Duration: 29m 29s
Filesize: 29.3 Mb
Recorded: 14 October 2022
John Manson was a member of the last family to leave Stroma in 1962.
This interview was recorded at his home in Scrabster, which is called "Stroma" and is full of reminders of the island. He has a thimble that came from the ship Pennsylvania after it went ashore in fog in 1931.
John recalls how his father, Andrew, had five sisters who all became teachers. He describes how the harbour was the hub of the island. He was going to sea from the age of about 9 or 10.
"We learnt everything from the older fishermen. Everything was handed down," John says. "There's not a rock in that Pentland Firth they didn't know about. There are four bad tides around Stroma."
He adds: "We spent the day at sea. We were at sea all the time."
John tells a story with a sad ending about an illicit still that was hidden from view in the Gloup. On a funnier note, he remembers an occasion when his mother's carefully laid tea table was ruined by a goat that was being chased through the house by a dog.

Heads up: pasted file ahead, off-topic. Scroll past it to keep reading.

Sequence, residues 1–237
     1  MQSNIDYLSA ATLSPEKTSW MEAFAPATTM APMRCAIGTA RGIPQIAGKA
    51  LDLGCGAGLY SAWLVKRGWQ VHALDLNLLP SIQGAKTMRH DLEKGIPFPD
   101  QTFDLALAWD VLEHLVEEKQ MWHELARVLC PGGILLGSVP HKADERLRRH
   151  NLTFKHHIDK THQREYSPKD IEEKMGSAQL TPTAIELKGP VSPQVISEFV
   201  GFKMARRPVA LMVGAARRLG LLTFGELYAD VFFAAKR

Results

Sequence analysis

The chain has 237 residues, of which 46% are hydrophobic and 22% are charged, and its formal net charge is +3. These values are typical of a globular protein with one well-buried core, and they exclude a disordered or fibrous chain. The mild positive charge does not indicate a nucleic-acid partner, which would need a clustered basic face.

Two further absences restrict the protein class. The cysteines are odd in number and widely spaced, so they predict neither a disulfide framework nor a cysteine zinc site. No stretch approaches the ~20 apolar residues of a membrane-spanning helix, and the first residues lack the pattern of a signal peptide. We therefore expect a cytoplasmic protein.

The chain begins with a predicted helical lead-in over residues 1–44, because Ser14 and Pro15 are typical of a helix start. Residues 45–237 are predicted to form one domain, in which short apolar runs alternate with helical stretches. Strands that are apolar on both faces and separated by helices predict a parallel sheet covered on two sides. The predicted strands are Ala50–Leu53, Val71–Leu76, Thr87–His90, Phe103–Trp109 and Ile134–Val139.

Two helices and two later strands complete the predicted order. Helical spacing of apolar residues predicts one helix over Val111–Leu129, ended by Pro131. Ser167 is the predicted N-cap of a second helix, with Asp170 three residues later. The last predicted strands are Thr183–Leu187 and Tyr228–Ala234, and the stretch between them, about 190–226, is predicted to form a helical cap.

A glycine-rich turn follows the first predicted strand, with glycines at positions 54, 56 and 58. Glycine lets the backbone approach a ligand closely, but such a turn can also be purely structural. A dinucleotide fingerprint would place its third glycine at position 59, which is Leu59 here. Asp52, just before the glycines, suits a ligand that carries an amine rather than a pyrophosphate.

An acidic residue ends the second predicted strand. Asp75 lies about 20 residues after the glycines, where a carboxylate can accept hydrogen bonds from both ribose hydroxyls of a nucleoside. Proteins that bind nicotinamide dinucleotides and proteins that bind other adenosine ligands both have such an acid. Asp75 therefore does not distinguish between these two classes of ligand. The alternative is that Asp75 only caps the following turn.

John explains how the Stroma Gathering was a popular social event for many years as exiled islanders met up to share stories.
He points out that the population of the island peaked in 1911 at 399. He found that the population of seals and other wildlife "exploded" after humans moved away.
John tells how Stroma lobsters were sent to London via Huna and Thurso: "London meant nothing but a market for your lobsters."
He also recalls the coal ship that came from north-east England once a year. Its arrival was quite a spectacle for the local youngsters.
John tells of some of the superstitions that were observed by fishermen. Pigs, salmon and ministers were felt to be unlucky.
John has taken part in TV programmes about the island.
"I think we just looked forward and hardly even looked back at the island when we left it," he says. "We just looked at a new life."
John has spent most of his life as a fisherman and his connection with the sea continues as he still works part-time at Scrabster harbour.
He spent 24 years as a member of the Thurso lifeboat crew and was Second Coxswain. He describes one of his most memorable rescue with the RNLI, on a night when there was a force 11 gale and a heavy swell.
This is the second interview John has done for Wick Voices. The first was recorded in September 2019 and can be heard here:
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